Of course, a user could forward a work email to a personal account, but IT shops can work to restrict forwarded emails with other tools, Gadway explained.
Based on my quick hands-on with the Dev Alpha B device, it appears that RIM has designed a prototype with a speedy processor, which allows quick swiping and other gestures, such as moving the device from portrait to landscape quickly and reliably. RIM won't reveal what processor is being used, however.
When a user moves from an app to the home screen, a full miniature version of the app is stored on the home screen, not just a widget, Gadway said. The Dev Alpha's processor was able to make those transitions from full screen to smaller thumbnail quickly, keeping all the letters in a field of text clear enough to read throughout the transition.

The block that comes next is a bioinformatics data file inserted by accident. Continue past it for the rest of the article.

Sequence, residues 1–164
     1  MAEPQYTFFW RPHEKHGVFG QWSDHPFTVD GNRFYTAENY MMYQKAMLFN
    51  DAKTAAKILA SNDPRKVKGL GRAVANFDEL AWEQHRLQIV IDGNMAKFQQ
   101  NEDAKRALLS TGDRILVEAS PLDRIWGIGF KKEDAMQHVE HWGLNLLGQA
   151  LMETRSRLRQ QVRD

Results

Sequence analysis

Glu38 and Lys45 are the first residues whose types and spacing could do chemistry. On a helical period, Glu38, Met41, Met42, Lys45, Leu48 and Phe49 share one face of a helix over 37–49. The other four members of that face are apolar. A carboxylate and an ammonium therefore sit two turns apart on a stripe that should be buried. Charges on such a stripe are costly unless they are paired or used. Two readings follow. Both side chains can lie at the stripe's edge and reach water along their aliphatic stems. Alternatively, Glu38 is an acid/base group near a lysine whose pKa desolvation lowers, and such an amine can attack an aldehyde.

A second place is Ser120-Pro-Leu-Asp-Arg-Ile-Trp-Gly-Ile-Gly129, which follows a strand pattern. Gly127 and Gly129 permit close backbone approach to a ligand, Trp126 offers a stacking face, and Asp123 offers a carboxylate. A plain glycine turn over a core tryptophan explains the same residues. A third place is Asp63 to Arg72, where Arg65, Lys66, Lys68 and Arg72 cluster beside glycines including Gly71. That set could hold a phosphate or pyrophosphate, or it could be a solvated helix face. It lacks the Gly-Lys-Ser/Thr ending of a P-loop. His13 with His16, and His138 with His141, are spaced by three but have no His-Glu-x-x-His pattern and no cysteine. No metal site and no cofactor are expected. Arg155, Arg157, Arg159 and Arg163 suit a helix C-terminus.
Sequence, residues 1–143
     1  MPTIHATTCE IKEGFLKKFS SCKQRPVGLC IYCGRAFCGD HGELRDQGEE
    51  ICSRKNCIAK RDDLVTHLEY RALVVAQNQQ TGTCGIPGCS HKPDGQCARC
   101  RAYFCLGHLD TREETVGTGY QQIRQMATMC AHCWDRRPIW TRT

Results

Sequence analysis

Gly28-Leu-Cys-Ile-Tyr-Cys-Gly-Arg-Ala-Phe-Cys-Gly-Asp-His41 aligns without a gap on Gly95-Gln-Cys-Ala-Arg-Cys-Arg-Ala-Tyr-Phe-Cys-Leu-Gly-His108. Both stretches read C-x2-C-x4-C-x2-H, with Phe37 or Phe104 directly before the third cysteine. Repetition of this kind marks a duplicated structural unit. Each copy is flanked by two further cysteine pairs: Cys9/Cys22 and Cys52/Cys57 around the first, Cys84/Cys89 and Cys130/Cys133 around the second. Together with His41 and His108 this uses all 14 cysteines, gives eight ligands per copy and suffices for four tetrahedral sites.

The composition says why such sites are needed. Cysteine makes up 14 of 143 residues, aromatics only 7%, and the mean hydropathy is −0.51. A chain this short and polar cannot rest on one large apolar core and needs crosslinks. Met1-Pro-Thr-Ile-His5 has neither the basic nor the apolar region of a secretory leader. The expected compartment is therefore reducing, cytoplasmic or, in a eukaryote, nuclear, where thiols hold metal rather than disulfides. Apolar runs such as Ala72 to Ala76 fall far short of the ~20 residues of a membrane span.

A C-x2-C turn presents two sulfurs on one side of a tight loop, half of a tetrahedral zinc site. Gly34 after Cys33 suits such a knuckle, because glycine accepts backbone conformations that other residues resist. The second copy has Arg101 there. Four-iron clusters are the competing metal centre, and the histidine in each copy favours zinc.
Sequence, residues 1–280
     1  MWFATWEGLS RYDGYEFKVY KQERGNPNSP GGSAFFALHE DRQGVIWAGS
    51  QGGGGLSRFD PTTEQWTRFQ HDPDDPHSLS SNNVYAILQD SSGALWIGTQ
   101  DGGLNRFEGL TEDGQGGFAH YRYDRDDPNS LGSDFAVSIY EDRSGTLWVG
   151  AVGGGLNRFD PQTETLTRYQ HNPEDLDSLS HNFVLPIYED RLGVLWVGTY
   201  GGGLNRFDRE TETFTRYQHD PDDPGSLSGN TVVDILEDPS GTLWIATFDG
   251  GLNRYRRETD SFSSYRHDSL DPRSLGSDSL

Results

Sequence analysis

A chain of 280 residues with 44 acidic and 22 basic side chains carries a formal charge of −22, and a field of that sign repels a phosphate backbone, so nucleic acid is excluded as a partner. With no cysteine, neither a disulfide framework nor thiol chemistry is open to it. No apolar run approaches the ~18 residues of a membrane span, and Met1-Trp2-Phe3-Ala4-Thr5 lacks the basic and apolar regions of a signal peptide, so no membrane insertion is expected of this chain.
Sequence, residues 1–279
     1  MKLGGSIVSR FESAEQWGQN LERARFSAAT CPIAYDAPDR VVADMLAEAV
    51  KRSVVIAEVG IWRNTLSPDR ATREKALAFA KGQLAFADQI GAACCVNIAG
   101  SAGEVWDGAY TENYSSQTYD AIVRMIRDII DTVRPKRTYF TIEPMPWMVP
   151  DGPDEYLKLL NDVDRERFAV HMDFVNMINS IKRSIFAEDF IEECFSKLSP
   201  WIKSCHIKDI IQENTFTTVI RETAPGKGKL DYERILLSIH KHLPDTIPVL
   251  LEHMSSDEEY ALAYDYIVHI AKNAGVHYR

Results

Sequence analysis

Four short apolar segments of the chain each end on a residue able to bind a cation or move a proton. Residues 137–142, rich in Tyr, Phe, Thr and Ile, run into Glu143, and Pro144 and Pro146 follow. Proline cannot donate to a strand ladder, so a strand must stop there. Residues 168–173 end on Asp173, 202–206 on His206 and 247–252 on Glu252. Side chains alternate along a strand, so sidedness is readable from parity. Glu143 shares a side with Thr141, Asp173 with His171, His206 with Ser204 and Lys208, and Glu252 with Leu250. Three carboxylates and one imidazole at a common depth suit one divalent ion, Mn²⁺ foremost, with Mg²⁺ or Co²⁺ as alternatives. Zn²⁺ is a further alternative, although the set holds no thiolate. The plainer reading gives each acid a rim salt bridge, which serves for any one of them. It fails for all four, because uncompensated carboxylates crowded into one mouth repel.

The Dev Alpha B is a clunky prototype with sharp corners and edges and is not intended to possess the look, form and feel of the final BB10 smartphones, which will appear in two models -- one with a Qwerty physical keyboard and the other with the touchscreen like that on the Dev Alpha B.
For the BlackBerry users who have grown fond of the physical keyboard over the years, the predictive text feature alone could make some users want to switch to a touchscreen version of BB10.
Matt Hamblen covers mobile and wireless, smartphones and other handhelds, and wireless networking for Computerworld. Follow Matt on Twitter at @matthamblen or subscribe to Matt's RSS feed. His email address is email@example.com.
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